Since independence, keeping healthcare effective and affordable have been the government’s key considerations in healthcare planning. The healthcare needs of Singaporeans have grown increasingly complex over time. With the rising prevalence of chronic conditions like diabetes, hypertension and high cholesterol, a shift in the way we deliver care is necessary.
“Over the last few years, MOH has significantly improved the accessibility, affordability and quality of healthcare in Singapore under our Healthcare 2020 Masterplan. Nevertheless, we cannot afford to stay still as there remain many challenges ahead, such as our ageing population, increased chronic disease burden and the need to manage future growth in healthcare manpower and spending.” - Gan Kim Yong, Minister for Health in 2017
The first community hospital in Singapore, St Andrew’s Community Hospital (SACH), was opened in 1992 to meet these needs. Changi General Hospital (CGH) was the first acute hospital in Singapore to partner with SACH for integrated care in 2005, when SACH moved next door to CGH in Simei. This partnership further blossomed into The CGH-SACH Integrated Building, the first purpose built facility in Singapore jointly run by an acute hospital and community hospital. Officially opened in 2015, the Integrated Building focuses on providing optimised rehabilitation for patients to facilitate their transition back to home and the community.
While acute hospitals focus on treatment and surgery, community hospitals provide rehabilitative and sub-acute care to help in the recovery process, so that patients can return home and resume daily activities faster. Some community hospitals also offer palliative care and care for the chronic sick.
SingHealth Community Hospitals (SCH), formed in 2017, is the first cluster of community hospitals in Singapore with three community hospitals, Bright Vision Hospital, Sengkang Community Hospital and Outram Community Hospital, under its wing.
Bright Vision Hospital (BVH) became Singapore's first public community hospital when it joined the SingHealth cluster in 2011. It was founded in 2001 by the Singapore Buddhist Welfare Society, and is now managed by SingHealth Community Hospitals (SCH).
Find out more about Bright Vision Hospital.
With community hospitals co-located with acute hospitals in both SGH and SKH Campuses, patients can transition from acute to rehabilitative care seamlessly. This hassle-free experience allows patients to start their rehabilitation journey early, and also frees up resources at the acute hospitals for patients with more urgent needs.
Sengkang Community Hospital (SKCH) opened its doors in 2018 and is co-located with Sengkang General Hospital (SKH) to serve the Northeast community. Ward spaces within SKCH were designed with rehabilitation in mind – a long common corridor allows for therapy sessions; a communal eating eat in each ward cubicle encourages patients to move and eat out of bed, and an activity room mimics their home living room for functional rehabilitation sessions.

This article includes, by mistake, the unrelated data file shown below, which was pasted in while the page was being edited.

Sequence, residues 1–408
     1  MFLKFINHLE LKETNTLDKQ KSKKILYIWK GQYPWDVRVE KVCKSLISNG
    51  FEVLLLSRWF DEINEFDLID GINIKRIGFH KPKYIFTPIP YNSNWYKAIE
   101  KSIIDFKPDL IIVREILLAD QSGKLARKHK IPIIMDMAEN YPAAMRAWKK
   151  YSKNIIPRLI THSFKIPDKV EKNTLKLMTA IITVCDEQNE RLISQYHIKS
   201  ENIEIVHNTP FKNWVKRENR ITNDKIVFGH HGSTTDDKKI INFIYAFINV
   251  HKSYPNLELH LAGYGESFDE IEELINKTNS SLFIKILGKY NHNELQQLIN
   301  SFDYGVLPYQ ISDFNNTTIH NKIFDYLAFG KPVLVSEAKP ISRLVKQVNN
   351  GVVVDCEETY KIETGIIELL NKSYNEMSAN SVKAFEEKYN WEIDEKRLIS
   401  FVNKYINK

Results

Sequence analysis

Find out more about Sengkang Community Hospital.
Outram Community Hospital (OCH) is located on SGH campus, which allows patients' convenient access to SGH and the national specialty centres. Apart from conducive wards build for rehabilitation, a rooftop garden with built-in facilities teaches patients how to get around on public transport while on a wheelchair, as well as navigate different terrains like stairs, slopes, sand and rocky paths. For indoor activities, patients can access the Hospital’s Activities of Daily Living Rooms, which simulate the physical setting of a typical HDB studio apartment.
Find out more about Outram Community Hospital.
Recognising that quality care cannot be delivered alone, SCH works closely with community partners such as community organisations, government agencies, Institutes of Higher Learning, private enterprises and startups in healthcare and social sectors. These strategic partnerships help to coordinate well-paced, personalised care for patients at the three community hospitals under its wing.
SCH works with community partners to support our patients in their recovery. One example is the Integrated Primary Care (iPCARE) programme, an initiative that launched in 2017 that sees community hospitals under SCH work closely with General Practitioners to look after patients with complex social and medical needs after their discharge.
Another example of connecting patients to the community is the Social Prescribing programme, a pilot programme launched in October 2019. It aims to engage patients in social activities and connect individuals to their community with the view to improve their health and wellbeing even after they have been discharged.
Through this programme, patients will be enrolled in activities that promote wellbeing, such as gardening, exercising, singing and engaging games like Rummy-O and mahjong, and just before discharge, they are linked to community care providers offering similar social activities, to continue the engagement and re-integrate them back to their own communities.
Discover more about the work of our SingHealth Community Hospitals team.
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